By Suzanne Packer
Salma and I met in Achrafieh last summer where we briefly discussed her book. JASMINE AND FIRE was such a compelling book for me that I consumed it in two days. Probably it was due to Salma’s honesty and focus that I felt I was walking in her shoes everywhere she travelled and with everyone she met on this amazing journey in Lebanon. I hope you enjoy Jasmine and Fire as I did.
Given that you have lived many years in USA, where were you born and/or raised in Lebanon prior to the outbreak of war? Where are your parents from in Lebanon?
My parents are both Lebanese—my mother is from Beirut and my father is from the town of Aley—and I was born while they were in graduate school in the U.S. (in Illinois). So I wasn’t born in Lebanon, but when I was two years old, my parents moved the family back to Beirut, and we stayed there until I was 9 years old.
Beirut and probably the whole of Lebanon flows through your veins, was it difficult to adapt to a life in the USA?
When we moved to Texas during the Lebanese civil war, I was 9 years old and I had a very difficult time adapting at first. I felt like an alien in our suburban neighborhood, and I missed my friends, cousins, and classmates in Beirut. I missed being near the Mediterranean Sea and having all the familiar Beirut sights around me. I also longed to be surrounded again by my grandparents, aunts, and uncles, and I craved my teta’s cooking.
Your life’s journey has allowed you to enter journalism. Tell us about falling into food writing and what are your great memories of the Lebanese cuisine?
I knew ever since my high school years that I wanted to become a journalist. I’ve always loved writing—about a great many subjects, food being one of them—and I felt lucky to get my first job as a food writer at Time Out New York magazine. From there, I went on to write about food and travel for Food & Wine and for O, The Oprah Magazine. Coming from such a food-focused culture as Lebanon’s gave me an early passion for all things culinary.
What are you favourite foods?
Growing up eating a freshly baked man’ouche (zaatar bread) for breakfast in Beirut, and enjoying dishes like luscious lamb kibbe covered in homemade yogurt for lunch, has led to my lifelong obsession with Lebanese dishes and flavors.
When did you arrive back in New York and when was your year in Lebanon?
I returned to Beirut in the summer of 2010 and lived there until the summer of 2011. I moved back to New York in July 2011.
JASMINE AND FIRE was the product of your stay there – are you aiming to have this book launched globally?
Currently the book is sold in the U.S., Australia, and Lebanon, and I would certainly love to have publishers in other countries distribute it widely as well.
What prompted you to write about this experience and call it JASMINE AND FIRE?
I have been wrestling with the question “Where is home?” for my entire life, ever since my family left Lebanon to escape the civil war. I’ve always felt that I left a huge part of myself back in Beirut, even as I acclimated to life in the U.S. and grew to appreciate the relative safety and comfort of it. Part of me felt American, and part of me was still haunted by my attachment to Lebanon. So I decided to move back to Beirut, to see if I could answer the eternal question: “Can you go home again?” The title “Jasmine and Fire” was inspired by a lyric from a song by the Lebanese singer Fairuz, in which she juxtaposes the sweetness of Lebanese life with the constant threat of fire (i.e. war, destruction, political tension).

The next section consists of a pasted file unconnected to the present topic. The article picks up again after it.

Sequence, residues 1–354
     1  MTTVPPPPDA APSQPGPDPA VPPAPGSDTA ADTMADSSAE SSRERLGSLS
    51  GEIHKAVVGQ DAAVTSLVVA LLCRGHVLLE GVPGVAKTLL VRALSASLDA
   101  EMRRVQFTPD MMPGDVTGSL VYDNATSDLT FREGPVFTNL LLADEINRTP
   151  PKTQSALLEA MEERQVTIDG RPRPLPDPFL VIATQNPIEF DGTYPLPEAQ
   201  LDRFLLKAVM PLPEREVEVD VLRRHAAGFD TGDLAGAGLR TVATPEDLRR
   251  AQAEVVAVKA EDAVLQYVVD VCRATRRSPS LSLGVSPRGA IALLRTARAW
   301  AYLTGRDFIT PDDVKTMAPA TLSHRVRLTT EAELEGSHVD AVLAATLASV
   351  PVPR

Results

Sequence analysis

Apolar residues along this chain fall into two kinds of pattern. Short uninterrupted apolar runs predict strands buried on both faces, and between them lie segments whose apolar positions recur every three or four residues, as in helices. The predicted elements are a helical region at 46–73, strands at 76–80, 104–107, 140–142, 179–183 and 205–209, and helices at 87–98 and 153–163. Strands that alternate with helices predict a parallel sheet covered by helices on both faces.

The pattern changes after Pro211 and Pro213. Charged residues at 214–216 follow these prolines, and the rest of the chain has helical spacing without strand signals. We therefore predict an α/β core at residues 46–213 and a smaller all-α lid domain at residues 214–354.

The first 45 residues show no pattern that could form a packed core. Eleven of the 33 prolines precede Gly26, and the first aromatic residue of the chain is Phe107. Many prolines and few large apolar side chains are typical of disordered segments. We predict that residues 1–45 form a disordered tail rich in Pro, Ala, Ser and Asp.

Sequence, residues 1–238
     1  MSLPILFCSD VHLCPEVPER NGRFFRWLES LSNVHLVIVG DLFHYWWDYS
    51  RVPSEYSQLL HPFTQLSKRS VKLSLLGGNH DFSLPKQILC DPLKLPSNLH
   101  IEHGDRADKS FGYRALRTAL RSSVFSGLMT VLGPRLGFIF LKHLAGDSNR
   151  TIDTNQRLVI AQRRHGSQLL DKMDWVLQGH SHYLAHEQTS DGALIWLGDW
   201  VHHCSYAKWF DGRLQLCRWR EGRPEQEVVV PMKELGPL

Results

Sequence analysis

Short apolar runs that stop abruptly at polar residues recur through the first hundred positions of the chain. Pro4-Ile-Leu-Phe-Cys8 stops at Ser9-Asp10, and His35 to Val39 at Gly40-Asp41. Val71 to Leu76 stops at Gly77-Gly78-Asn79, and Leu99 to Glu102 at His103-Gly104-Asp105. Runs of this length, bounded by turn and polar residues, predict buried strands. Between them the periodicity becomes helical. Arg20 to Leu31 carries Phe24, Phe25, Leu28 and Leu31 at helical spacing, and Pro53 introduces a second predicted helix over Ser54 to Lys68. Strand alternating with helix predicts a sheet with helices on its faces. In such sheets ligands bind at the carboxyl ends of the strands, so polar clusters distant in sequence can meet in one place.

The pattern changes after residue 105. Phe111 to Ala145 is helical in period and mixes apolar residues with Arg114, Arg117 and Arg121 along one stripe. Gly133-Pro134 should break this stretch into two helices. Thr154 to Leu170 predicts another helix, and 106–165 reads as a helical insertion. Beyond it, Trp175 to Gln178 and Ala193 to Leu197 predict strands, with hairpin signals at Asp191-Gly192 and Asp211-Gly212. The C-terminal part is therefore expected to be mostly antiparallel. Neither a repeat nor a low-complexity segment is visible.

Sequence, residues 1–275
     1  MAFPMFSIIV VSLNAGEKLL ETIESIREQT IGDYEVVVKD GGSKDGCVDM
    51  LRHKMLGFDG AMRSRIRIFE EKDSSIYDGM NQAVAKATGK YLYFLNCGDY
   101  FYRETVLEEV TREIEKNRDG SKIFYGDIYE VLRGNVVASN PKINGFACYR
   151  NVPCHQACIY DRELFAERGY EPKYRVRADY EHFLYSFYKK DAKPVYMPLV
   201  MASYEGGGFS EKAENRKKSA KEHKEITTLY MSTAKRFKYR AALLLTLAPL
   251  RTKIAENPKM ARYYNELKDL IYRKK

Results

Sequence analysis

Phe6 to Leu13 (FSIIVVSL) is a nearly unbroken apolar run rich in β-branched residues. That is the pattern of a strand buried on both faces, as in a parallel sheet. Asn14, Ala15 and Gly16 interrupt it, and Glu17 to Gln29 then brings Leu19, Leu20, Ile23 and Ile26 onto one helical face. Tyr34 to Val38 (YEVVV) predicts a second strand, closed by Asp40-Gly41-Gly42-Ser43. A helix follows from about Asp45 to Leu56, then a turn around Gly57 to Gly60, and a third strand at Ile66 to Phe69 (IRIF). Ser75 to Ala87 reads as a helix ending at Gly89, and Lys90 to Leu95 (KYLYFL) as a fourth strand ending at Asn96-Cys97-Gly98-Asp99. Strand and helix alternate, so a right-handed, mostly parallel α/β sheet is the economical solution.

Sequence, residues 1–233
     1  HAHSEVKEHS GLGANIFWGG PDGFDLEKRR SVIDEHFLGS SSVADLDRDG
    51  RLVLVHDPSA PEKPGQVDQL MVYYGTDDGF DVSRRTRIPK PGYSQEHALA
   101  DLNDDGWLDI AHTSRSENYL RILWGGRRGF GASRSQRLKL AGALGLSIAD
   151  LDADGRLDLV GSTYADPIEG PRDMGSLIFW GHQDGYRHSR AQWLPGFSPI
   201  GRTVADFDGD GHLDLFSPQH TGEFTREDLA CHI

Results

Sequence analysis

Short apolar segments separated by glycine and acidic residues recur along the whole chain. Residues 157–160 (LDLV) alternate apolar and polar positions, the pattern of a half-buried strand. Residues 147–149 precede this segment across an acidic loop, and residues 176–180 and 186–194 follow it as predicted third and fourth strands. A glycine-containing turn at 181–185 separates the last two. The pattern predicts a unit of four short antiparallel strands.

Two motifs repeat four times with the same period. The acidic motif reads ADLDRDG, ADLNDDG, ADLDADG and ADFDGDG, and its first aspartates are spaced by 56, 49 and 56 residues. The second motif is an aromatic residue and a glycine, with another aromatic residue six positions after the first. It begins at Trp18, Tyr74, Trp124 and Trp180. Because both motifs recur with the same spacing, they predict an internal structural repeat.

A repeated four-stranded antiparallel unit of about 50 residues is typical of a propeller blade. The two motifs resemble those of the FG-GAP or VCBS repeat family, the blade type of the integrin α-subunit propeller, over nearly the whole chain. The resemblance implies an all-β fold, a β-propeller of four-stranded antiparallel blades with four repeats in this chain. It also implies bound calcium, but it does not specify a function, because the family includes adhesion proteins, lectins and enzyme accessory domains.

Is your book available in Australia?
Yes, in Australia, Jasmine and Fire is published by HarperCollins.
Might you grace the shores of Australia one day in particular Melbourne as it is known as the Gourmet Capital of Australia?
I have been so eager to visit Australia, and I have heard such wonderful things about the food in Melbourne. In fact I was about to visit Melbourne last summer, but a work-related conflict kept me from going—but I look forward to doing so in the near future.
What an exciting “job”. How amazing has travel and food writing been for you?
I feel fortunate to have found a career that combines some of my biggest passions: writing, food, and travel. But what many people don’t realize is that it’s also very hard work. For instance, on a travel assignment I am often dashing around from early morning until late at night, day after day, since writers are rarely given as much as time as they’d ideally need to travel and to research, report, and write an article. After a trip, writers are often faced with a very tight deadline, so the work can be nonstop for many days or weeks on end. But even though it can be exhausting, I still absolutely love it.
What are you reading at this moment, favourite movie and favourite music?
Currently I’m reading “Crescent,” a terrific novel by the Jordanian-American writer Diana Abu-Jaber, as well as a collection of short stories by Daniyal Mueenuddin, set in Pakistan and called “In Other Rooms, Other Wonders.”
I have so many favorite movies, but I’d have to count “Annie Hall,” “Goodfelllas,” “Raising Arizona,” “Belle de Jour,” and “Il Gattopardo” among the films I can watch again and again.
As far as music, I love the Lebanese band Soap Kills (they disbanded some years ago but their songs are unforgettable: moody, haunting, and sung in Arabic). I also listen to lots of rock (old and new), funk, hip-hop, and soul music.

After the often hectic print media world, what hobbies or outlets does Salma like to pursue?
I love to go for a run in Prospect Park, an enormous, gorgeously landscaped expanse of green space near my home in Brooklyn, New York.
I also enjoy window-shopping for beautiful furniture and textiles to furnish imaginary rooms; sometimes I indulge in a great find, if I can make space for it, but mostly I fantasize!


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